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Ninety-nine percent of Turkey’s 80 million citizens are Muslim, while a mere 7,000 are thought to be evangelical Christians. Among that tiny minority is a man named Baris Ozturk, who lost both his family and source of income when he left Islam and dedicated his life to sharing Jesus with the people of Turkey.

It was an ordinary workday when Baris found the Bible a woman had placed in his electronics store.

As a devout Muslim, he prayed five times a day and met with other Muslims every Friday night for discussions about the Koran. He had come to the United States from Turkey to pursue a master’s degree, and after completing his degree he had stayed in the US to work. Baris managed several successful electronics stores and led a comfortable life with his wife and two sons.

However, when Baris found the Bible in his store, he felt compelled to pick it up and take a look at its teachings. He was immediately and deeply touched by Jesus’ words in the Gospel of John, particularly chapters 13 to 18. “Here is the Last Supper speech,” he said. “[Jesus] lays out everything: where he comes from, miracles, what the disciples need to expect, the Holy Spirit, why His blood was shed, everything.”

Like many other Muslims who are drawn to Christ, Baris began to have visions as he explored Christianity. In one, Jesus was revealed as the Creator God, and in another Baris sensed His inexplicable love. After several weeks of prayer and study, Baris knelt down to profess his faith in Jesus.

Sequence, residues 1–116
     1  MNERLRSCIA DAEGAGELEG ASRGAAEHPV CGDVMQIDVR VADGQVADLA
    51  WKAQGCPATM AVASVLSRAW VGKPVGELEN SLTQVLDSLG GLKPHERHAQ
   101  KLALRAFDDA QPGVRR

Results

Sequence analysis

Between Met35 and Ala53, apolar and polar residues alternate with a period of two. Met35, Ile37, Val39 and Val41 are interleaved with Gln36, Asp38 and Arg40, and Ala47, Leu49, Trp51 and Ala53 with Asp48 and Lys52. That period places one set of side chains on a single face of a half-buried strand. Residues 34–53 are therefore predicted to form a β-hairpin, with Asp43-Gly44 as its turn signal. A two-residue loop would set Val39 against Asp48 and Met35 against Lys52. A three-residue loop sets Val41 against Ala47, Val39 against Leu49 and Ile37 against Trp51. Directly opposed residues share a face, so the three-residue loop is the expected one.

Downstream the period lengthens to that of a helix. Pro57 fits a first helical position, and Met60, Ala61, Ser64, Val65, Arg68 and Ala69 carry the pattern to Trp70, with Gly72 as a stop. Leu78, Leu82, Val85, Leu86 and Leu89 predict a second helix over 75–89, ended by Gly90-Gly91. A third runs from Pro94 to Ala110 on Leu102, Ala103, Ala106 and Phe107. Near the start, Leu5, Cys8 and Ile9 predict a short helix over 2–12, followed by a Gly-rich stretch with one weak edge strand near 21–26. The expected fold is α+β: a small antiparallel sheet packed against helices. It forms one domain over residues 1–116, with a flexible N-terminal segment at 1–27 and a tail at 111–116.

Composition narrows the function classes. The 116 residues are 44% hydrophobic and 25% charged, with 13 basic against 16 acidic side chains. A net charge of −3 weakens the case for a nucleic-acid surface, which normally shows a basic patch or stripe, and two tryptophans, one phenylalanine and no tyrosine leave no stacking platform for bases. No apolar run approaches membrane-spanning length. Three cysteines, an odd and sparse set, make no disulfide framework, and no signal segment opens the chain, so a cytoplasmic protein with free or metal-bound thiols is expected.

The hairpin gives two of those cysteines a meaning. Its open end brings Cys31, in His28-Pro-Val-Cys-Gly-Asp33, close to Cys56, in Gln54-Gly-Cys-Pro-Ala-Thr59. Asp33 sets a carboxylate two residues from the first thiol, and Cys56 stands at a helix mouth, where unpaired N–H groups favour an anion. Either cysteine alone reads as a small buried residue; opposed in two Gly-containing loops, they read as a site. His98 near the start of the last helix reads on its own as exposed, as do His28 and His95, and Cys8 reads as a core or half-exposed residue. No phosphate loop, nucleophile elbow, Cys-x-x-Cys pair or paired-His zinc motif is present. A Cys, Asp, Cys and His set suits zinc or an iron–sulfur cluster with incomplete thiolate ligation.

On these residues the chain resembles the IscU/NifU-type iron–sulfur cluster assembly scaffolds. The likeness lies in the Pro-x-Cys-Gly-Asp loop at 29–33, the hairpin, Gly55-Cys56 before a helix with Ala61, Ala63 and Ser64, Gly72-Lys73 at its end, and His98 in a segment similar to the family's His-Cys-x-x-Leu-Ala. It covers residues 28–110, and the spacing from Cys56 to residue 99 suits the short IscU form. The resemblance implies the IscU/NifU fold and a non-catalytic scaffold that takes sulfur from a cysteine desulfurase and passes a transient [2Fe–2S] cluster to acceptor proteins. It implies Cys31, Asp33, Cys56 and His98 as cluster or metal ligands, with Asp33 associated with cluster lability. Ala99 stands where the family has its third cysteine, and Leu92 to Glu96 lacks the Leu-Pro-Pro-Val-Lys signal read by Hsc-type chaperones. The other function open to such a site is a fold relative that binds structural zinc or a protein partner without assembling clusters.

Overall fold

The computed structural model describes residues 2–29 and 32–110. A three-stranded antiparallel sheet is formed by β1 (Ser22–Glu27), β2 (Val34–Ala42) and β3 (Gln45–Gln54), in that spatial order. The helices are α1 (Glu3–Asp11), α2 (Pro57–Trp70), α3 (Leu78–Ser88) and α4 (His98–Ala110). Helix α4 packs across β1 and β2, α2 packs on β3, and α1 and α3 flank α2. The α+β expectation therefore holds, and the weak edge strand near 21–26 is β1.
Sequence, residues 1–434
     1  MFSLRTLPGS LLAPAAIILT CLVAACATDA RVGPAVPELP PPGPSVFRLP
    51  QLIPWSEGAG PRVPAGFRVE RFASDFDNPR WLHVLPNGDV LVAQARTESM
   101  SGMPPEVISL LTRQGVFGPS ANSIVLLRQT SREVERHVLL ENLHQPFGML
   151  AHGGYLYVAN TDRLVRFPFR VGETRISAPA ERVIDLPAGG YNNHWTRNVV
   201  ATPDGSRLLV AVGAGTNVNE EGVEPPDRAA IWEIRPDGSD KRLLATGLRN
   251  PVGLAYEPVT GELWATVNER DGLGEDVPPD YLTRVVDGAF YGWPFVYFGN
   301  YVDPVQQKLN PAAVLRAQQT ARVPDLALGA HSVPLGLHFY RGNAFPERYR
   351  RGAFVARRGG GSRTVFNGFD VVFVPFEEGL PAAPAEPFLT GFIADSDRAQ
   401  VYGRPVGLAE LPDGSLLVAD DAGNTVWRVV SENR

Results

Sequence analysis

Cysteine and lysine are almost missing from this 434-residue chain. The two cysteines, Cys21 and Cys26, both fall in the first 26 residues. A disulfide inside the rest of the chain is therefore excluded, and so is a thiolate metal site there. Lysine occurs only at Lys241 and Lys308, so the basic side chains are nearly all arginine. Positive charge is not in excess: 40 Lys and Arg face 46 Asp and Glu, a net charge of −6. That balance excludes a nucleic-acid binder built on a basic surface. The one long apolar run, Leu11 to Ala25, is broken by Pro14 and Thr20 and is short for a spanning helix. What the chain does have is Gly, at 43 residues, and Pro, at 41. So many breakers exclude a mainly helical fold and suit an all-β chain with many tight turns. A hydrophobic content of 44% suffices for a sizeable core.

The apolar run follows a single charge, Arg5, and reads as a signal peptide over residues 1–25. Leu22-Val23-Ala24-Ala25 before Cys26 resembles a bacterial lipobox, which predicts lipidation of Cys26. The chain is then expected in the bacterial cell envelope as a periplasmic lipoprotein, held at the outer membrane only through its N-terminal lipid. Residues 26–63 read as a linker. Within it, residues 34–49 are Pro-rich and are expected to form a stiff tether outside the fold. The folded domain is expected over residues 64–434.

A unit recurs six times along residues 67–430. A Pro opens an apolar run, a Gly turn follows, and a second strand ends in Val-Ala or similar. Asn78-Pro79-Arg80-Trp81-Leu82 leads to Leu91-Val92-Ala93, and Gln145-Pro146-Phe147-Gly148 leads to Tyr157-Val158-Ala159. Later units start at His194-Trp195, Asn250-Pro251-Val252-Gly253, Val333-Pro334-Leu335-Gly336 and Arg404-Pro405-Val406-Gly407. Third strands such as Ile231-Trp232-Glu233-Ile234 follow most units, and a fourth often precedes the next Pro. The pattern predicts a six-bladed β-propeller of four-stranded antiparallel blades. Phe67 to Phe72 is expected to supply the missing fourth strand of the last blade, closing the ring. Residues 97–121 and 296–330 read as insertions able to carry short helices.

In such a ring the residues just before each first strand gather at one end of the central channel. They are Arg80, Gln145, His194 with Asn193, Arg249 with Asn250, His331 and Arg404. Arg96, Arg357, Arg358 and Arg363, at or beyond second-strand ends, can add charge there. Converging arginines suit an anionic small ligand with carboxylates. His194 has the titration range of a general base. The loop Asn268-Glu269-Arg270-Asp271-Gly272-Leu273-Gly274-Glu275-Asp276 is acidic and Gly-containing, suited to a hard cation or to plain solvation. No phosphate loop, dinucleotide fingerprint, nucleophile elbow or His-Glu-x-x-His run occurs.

When he told his wife he had become a Christian, her response was immediate and unyielding; she demanded a divorce, took their sons and left for Turkey.

Christians are Crazy
Though devastated by his wife’s rejection and loss of his sons, Baris was still determined to tell his brother about his newfound faith during a visit to Turkey. But his brother’s only response was to escort him to a doctor the next day. Expecting a half-hour visit in which he would have an opportunity to share his faith, he was instead admitted to a psychiatric hospital and medicated with psychotropic drugs.

After two weeks and several meetings with hospital leadership, Baris finally persuaded them that leaving Islam for Christianity didn’t mean he was crazy. Still, in the divorce proceedings, his wife used his stay in the psychiatric hospital as evidence that he wasn’t a fit parent.

While Baris knew that his parents would view leaving Islam as a betrayal of the family, he still wanted to meet with them in person to tell them about his vision and faith in Jesus. They reacted much as he had expected. When his dad threatened to disown him, Baris told him, “You can even kill me and I won’t change my mind.” His mother fainted.

In 2015, Baris moved back to Turkey and filed for part-time custody of his sons. At one of his court appearances, his former brother-in-law confronted him in the street, cursing and beating him. “How dare you come here,” he yelled. “This guy is a missionary, and he cursed Mohammad!” he exclaimed to the many Muslims walking to and from Friday prayers. Such accusations can have serious consequences in Turkey, where missionaries are sometimes wrongfully assumed to have political agendas.